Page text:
How Does Adultery Affect Divorce in Florida?
Adultery is painful, and it can spark divorce. But Florida’s status as a no-fault state means you can’t cite your partner’s affair as grounds for divorce. And if you collaborate on an equitable split, it may never come up at all.
That said, if you end up fighting your ex in a Florida courtroom, their adultery could work in your favor. You could use your partner’s infidelity to negotiate a better settlement with your spouse before you ever set foot in a courtroom.
What does Florida’s no-fault status mean?
In no-fault states like Florida, you can’t cite a mistake or fault as the cause of your divorce.
Two main reasons for Florida divorces exist per state law:
- Irreconcilable differences: Your marriage is broken and can’t be fixed. You’re not required to describe why it’s ruined and who is at fault.
- Mental incapacity: One person has been incapacitated for at least three years.
No-fault states like Florida can make the divorce process easier. For example, a spouse who wants to stay together can’t disprove their spouse’s claim that the marriage is broken. The split happens whether they want it or not.
So, if your spouse was unfaithful, you might not have the chance to publicly shame them for breaking your marriage vows. Since avoiding court is easier on both parties, it’s often better to move past tough emotions related to your ex’s infidelity and negotiate what you can outside a courtroom.
Can you cite a fault when you file for divorce in Florida?
You cannot cite a fault like adultery when you file Florida divorce paperwork. No state-sanctioned form includes a box or line where you can provide this information. As much as you might like to tell the world about the mistakes your spouse made, there’s no place on the forms to do so.
Can adultery affect parts of your Florida divorce settlement?
While you can’t cite your partner’s infidelity on your initial divorce petition, you could talk to a lawyer or mediator about it. Per Florida law, courts can consider issues like adultery in limited situations, including some that involve divorce settlements.
The suggestion of cheating could alter the following three areas:
Florida laws clearly state that judges can consider the adultery of either spouse and the financial impact of it when determining alimony or spousal support.
If your spouse had a long-running affair and showered that person with gifts, you could ask for reimbursement through alimony payments. Hard proof of the infidelity, preferably with receipts of money spent on the third party, could help you prove your case.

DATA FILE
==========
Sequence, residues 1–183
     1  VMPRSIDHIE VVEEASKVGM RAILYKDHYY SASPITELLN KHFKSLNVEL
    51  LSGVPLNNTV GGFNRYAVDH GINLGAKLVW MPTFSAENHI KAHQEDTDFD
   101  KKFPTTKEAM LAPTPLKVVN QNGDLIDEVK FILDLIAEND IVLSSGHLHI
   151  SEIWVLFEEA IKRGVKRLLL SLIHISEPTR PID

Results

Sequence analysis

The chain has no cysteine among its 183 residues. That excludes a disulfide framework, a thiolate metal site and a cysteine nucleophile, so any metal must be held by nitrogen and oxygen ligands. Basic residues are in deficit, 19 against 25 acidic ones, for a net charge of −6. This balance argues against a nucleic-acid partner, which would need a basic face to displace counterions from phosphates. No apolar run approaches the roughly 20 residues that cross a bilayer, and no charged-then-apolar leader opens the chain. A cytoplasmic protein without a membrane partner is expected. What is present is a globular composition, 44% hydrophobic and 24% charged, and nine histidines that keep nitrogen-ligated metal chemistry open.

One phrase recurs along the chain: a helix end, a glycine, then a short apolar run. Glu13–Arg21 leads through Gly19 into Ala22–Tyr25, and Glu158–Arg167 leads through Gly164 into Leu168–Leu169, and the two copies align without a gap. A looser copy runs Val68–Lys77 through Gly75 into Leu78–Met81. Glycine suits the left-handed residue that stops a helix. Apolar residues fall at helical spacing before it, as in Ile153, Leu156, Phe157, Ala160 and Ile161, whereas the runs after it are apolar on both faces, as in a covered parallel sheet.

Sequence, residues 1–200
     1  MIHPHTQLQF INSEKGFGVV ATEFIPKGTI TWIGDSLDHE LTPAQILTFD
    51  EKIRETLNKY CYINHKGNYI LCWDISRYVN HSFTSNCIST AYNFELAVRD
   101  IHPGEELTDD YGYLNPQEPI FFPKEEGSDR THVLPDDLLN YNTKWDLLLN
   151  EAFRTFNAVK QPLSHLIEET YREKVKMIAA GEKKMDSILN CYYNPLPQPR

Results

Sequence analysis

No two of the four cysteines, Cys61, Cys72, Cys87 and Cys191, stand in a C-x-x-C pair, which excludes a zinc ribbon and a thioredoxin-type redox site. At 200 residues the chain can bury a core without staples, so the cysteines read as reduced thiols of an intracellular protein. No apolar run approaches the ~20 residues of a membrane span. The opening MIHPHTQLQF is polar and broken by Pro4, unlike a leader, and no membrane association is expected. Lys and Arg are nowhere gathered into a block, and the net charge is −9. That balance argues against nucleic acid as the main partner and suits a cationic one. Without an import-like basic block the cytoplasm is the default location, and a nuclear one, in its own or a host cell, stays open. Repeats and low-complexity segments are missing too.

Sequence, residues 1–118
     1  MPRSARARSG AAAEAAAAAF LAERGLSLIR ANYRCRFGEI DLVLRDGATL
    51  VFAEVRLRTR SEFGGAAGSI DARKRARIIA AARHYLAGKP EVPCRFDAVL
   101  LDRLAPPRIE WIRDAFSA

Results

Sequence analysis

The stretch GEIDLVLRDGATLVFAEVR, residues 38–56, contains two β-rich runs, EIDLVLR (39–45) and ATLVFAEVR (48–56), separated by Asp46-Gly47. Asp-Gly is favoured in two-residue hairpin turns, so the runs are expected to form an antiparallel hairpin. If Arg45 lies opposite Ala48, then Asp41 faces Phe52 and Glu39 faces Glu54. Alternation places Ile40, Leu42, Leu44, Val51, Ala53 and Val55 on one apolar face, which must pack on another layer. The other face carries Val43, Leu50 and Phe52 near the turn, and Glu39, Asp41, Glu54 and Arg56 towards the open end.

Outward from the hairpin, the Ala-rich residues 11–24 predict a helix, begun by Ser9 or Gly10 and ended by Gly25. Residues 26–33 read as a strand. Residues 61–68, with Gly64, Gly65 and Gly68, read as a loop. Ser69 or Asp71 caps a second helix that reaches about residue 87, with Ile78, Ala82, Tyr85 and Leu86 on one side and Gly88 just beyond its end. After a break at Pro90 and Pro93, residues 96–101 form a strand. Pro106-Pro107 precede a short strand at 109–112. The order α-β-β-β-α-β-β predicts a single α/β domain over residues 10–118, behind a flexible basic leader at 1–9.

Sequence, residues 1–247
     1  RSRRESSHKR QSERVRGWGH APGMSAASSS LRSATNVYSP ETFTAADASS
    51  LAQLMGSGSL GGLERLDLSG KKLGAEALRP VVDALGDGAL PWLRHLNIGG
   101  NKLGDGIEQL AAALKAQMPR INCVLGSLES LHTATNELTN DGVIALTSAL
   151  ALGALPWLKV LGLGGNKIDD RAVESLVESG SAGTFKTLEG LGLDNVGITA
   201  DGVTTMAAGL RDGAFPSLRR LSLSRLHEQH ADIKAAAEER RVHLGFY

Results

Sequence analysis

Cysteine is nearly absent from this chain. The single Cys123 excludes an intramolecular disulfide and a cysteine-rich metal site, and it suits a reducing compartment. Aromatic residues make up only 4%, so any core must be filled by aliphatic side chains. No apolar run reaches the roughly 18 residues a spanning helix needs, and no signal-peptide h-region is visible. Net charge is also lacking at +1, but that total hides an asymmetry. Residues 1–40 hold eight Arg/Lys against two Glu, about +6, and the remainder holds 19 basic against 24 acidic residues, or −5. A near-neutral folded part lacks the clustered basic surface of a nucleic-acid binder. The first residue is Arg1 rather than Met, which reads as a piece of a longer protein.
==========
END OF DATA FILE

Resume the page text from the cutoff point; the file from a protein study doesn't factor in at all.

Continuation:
Spousal support payments could also rise if infidelity caused you alone to spend more time on activities that are typically shared, such as raising your children or making home repairs.
2. Debts and assets
Florida courts start with the premise that marital debts and assets should be split equally in divorce. However, state laws allow judges to make rulings needed to provide equity and justice between both parties. If the adultery was long-lasting and painful, it could result in a larger judgment to compensate for your loss.
Since judges make this determination, risks are involved. A sympathetic person on the bench could lead to a bigger share than one you’d get with a different judge. But the more proof you have of the harm you faced due to your spouse’s behavior, the more you might get in a final settlement.
3. Child custody and support
Florida courts attempt to preserve parental relationships. Approved parenting plans typically provide children with frequent and continuing contact with both parties. And parental rights and responsibilities are shared.
But Florida laws allow judges to consider important factors that relate to adultery. For example, judges can consider a parent’s capacity to act on a child’s needs, not the desires of the adult.
A parent with a long history of putting children behind the needs of an ongoing affair could get a smaller slice of child custody. And that decision could lead to larger child support payments, too.
Should you use adultery in your Florida divorce?
Florida divorces work best when both parties collaborate on equitable solutions. When you work together, you preserve as much of your relationship as you can, shorten your case time frame, and stay out of expensive court battles.
Going to court may seem like the perfect way to retaliate for adultery. But Florida cases are so long and expensive that you may end up suffering, too. So, while you can mention the issue of infidelity in your divorce negotiations and point out the pain and suffering you endured, it may or may not give you an advantage in court.
References61.052: Dissolution of Marriage. The Florida Legislature.
Consumer Pamphlet: Divorce in Florida. The Florida Bar.
61.08: Alimony. The Florida Legislature.
61.075: Equitable Distribution of Marital Assets and Liabilities. The Florida Legislature.
61.13: Support of Children, Parenting and Time Sharing, Powers of the Court. The Florida Legislature.